Maggie Tennis is a Foreign Affairs Officer and Presidential Management Fellow at the U.S. Department of State. Previously, she was a McCain Fellow at the Office of the Secretary of Defense and a Fellow at the Foreign Policy Research Institute. Before that, she worked on bilateral arms control and nuclear risk reduction for Ambassador Strobe Talbott at the Brookings Institution and as a Herbert Scoville Jr. Fellow at the Arms Control Association. She holds a Master’s in Public Affairs from Princeton University’s School of Public and International Affairs and a B.A. from Brown University.
Senior Advisor, Albright Stonebridge Group
Evans Revere is a Senior Advisor at Albright Stonebridge Group, where he advises clients on entry and growth strategies throughout Asia, with a specific focus on Korea, China, and Japan.
Mr. Revere brings decades of experience as an expert on Asia-related matters to his work with clients. During a distinguished career as one of the U.S. Department of State’s top Asia experts, he served as Acting Assistant Secretary of State for East Asian and Pacific Affairs and Principal Deputy Assistant Secretary, managing U.S. relations with the Asia-Pacific region and leading an organization of 950 American diplomats and 2,500 Foreign Service National employees.
During his government career, Mr. Revere won numerous awards for his work throughout the Asia region and in Washington. He was Deputy Chief of Mission and later Chargé d’Affaires at the U.S. Embassy in Seoul and also served in China, Taiwan, and Japan. Renowned for his expertise on North Korea, he has hundreds of hours of negotiating experience with North Korean officials and frequently participates in official and informal dialogues with Pyongyang’s representatives.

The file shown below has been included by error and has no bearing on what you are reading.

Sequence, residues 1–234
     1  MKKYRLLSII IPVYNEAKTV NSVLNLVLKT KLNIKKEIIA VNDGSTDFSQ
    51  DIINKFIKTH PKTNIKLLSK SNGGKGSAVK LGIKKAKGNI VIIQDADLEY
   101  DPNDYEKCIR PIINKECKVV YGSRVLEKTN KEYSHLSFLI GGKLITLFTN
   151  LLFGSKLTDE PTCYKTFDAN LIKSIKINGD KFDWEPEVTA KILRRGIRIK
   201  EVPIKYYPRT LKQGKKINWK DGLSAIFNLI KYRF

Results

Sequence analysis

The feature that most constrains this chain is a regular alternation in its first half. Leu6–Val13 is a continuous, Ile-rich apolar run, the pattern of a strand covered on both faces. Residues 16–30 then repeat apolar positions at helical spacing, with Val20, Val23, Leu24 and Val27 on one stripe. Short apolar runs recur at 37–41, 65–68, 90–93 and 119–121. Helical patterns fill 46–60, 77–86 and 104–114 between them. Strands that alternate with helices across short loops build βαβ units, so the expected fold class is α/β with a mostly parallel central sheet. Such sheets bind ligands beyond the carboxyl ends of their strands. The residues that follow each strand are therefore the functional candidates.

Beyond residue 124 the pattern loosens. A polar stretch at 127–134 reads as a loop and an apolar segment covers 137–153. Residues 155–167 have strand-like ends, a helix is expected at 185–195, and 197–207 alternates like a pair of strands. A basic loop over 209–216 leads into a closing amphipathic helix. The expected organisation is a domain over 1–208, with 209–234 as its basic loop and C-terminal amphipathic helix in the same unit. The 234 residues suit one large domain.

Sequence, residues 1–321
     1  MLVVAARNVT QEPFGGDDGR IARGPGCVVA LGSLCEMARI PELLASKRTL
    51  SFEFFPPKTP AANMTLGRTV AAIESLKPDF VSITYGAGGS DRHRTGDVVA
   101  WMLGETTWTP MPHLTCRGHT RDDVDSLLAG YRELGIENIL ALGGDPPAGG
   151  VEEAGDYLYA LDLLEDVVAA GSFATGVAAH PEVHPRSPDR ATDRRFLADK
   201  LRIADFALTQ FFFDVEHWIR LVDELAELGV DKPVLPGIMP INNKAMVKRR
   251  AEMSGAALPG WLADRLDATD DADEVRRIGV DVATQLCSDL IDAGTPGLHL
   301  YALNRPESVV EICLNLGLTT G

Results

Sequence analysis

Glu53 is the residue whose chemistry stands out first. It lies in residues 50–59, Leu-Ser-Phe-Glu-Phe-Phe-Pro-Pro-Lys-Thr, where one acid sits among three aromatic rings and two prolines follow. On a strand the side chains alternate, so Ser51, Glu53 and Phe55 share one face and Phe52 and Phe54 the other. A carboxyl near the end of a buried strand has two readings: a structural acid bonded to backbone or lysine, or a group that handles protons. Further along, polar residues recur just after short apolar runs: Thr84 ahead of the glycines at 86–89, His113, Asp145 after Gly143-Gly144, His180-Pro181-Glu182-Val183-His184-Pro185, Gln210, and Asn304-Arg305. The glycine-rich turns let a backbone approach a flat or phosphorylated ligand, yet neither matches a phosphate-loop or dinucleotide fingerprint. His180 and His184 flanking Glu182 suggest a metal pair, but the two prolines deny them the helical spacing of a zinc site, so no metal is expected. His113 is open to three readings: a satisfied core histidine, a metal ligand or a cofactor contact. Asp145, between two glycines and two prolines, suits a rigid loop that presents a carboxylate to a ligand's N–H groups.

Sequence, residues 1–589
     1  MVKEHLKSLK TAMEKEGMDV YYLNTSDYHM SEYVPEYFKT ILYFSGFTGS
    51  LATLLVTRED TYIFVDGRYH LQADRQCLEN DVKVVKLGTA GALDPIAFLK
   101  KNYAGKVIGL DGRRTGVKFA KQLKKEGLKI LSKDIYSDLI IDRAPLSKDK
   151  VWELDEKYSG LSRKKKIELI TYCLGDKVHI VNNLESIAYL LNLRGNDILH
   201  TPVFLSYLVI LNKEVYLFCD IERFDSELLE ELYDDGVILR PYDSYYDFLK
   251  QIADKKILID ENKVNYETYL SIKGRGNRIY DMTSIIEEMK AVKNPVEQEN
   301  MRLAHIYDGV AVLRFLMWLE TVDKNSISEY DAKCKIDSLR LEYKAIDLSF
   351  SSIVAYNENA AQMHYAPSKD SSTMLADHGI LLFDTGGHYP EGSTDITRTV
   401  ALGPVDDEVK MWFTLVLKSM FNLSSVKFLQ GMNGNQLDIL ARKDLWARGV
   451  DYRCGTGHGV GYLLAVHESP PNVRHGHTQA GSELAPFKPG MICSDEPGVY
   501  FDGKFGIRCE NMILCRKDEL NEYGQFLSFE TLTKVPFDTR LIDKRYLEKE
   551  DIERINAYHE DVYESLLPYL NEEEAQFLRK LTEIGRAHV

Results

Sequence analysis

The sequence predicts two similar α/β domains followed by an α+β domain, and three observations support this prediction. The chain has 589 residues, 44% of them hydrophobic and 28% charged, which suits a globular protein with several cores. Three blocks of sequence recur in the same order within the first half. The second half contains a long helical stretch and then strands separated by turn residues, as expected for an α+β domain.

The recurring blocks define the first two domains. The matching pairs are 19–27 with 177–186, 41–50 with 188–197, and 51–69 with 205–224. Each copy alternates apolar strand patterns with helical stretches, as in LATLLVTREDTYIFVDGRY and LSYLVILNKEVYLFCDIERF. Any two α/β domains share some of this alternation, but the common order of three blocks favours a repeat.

Mr. Revere previously served as President and CEO of The Korea Society, where he organized the historic concert in Pyongyang by the New York Philharmonic Orchestra. Today, he draws on his 50 years of Asia experience in his capacity as Non-Resident Senior Fellow at the Brookings Institution. His commentary on Asia often appears in leading media outlets in the United States, Asia, and Europe, including ABC, CNBC, CNN, the New York Times, and Reuters.
Mr. Revere is a graduate of Princeton University, a U.S. Air Force veteran, and a Life Member of the Council on Foreign Relations. He is fluent in Chinese, Japanese, and Korean.
Program Coordinator, The National Bureau of Asian Research